From TPM Reader JM …
Your post on Benghazi was spot on correct. It was a well fused synthesis of the history and current reporting… well the timely leak to Ignatius. Beyond the death of the U.S. Ambassador to Libya, it is a shame this happened during the general election and one in which the people looking to get in have a serious handicap on foreign policy this cycle. They went all-in on it and the media joined in because it was a story in which the administration, rightly, changed its tune as the days progressed.
I have been to combat zones three times, two years all combined, and I can tell you that whatever people tell you in the first day or two, especially in the first hours, is never correct. But because of the spotlight this year, those moments got maginified and recast as time went on and that is a shame. Part of that blame does need to go on the administration or the campaign, probably both, because they didn’t want to look weak when the first ambassador in decades died on their watch and in a warzone where they helped to set the table. I don’t think you can really blame them for that, but I think they should have at least been honest and say, “Listen, this happened with just a few American witnesses, all of whom are dead, and a band of Libyans that we haven’t yet all talked to and who have disappeared into the streets. And this happened in one of the most dangerous corners of the globe so it may take some time to sort out.” But in today’s media, that is an impossible ask.
For me though, I had a moment today where I felt like the history of why we even had people in Benghazi got lost. It was not long ago when Qadafi’s forces were bearing down on that major city readying to go house to house and eliminate thousands if not tens of thousands of people. That city is the reason Obama and NATO got involved. If he hadn’t, if he had said, “Well, I won’t put American lives at stake for those people.” Well, what would the discussion be like now? And I really hope he brings that up at the debate. While I am sure Chris Stevens, nor his family, wanted to die, I do believe that he did so there because he believed in what we had done and what he was doing there.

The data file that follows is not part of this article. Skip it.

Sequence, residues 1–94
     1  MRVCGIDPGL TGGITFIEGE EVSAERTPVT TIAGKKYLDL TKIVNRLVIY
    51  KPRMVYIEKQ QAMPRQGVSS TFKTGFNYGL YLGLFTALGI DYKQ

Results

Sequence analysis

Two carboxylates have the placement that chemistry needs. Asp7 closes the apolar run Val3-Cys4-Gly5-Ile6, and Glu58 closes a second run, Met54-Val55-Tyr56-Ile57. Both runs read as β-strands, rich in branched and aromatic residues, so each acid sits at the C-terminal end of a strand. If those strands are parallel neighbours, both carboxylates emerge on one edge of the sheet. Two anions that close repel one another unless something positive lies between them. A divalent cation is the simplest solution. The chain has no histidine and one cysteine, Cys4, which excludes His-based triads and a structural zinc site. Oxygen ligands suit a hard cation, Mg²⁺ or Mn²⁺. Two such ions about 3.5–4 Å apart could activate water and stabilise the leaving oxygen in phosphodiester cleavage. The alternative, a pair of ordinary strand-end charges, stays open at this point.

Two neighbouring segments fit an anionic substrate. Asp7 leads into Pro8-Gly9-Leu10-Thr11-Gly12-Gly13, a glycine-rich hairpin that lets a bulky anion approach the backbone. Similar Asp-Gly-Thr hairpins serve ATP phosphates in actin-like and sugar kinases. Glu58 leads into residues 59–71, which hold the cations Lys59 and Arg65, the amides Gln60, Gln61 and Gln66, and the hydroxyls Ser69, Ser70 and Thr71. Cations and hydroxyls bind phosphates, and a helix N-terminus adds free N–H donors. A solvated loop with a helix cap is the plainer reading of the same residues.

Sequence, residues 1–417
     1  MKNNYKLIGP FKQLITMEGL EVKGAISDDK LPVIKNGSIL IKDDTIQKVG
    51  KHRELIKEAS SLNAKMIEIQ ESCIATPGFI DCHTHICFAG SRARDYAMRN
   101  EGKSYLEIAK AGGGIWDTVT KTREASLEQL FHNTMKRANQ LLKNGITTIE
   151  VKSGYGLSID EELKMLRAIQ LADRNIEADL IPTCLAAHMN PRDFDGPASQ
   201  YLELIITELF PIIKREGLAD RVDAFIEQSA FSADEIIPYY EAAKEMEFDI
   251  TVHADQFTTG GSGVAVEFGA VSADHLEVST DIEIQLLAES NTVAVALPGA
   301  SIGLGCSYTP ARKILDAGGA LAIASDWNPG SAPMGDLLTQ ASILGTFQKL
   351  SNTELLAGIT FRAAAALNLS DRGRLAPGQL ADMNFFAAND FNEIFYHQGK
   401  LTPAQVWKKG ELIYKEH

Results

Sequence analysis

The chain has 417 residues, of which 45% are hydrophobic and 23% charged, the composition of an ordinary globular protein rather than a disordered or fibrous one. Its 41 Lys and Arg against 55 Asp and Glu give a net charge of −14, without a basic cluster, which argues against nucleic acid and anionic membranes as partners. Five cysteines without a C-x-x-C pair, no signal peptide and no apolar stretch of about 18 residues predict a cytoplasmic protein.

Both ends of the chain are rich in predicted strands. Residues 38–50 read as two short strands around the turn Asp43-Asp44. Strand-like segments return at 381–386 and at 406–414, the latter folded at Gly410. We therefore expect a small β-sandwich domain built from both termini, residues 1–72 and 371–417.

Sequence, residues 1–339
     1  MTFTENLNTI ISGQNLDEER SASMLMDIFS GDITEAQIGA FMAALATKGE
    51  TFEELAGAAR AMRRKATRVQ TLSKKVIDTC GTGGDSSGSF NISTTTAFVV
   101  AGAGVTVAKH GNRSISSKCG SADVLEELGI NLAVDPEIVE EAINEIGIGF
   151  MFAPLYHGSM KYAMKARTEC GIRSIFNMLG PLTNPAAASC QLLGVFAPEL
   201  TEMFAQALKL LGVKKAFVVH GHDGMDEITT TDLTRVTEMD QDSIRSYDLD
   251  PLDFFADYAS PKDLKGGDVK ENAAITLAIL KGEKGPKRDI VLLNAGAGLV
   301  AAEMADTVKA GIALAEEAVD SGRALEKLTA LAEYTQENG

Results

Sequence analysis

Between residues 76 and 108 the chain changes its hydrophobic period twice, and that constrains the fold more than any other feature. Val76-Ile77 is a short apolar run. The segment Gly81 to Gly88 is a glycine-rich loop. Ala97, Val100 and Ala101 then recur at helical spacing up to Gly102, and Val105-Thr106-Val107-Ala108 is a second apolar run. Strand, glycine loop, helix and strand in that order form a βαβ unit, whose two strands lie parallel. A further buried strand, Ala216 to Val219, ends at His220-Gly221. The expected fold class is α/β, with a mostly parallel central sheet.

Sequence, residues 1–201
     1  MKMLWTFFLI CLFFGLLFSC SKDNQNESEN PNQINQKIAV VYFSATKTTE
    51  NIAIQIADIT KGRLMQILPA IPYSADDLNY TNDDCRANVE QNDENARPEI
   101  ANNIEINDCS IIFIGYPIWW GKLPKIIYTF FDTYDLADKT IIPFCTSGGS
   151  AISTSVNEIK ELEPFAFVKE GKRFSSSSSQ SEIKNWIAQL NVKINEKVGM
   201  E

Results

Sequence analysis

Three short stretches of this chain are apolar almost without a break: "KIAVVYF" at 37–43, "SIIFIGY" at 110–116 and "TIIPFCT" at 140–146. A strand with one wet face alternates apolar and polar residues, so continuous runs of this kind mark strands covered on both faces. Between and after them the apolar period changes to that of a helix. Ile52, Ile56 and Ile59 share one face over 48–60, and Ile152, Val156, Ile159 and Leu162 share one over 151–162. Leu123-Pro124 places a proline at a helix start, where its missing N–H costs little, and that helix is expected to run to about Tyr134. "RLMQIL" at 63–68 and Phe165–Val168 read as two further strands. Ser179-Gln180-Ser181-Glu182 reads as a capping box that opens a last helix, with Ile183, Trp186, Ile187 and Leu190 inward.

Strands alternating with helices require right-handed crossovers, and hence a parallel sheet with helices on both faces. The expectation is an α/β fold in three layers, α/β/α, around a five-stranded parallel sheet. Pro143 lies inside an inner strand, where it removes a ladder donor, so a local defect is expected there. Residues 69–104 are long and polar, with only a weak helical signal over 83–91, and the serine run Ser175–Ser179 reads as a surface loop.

I am glad this getting some clarity now and I hope the media gets dragged over the coals a little bit in buying into viewing this as a political issue, and not one that involves things happening on the ground in Libya and the rest of northern Africa. That’s the question both Obama and Romney need to answer… what will you do to prevent events like these from happening in the future? What is your diplomatic and military policy for not just Libya but that whole region? I think we can say with 95% certainty that question will not be set forth in that way on Monday or any time before November 6th. I would wager the Obama administration has a good answer to that question if asked given their foreign policy braintrust.
Josh Marshall is editor and publisher of TalkingPointsMemo.com.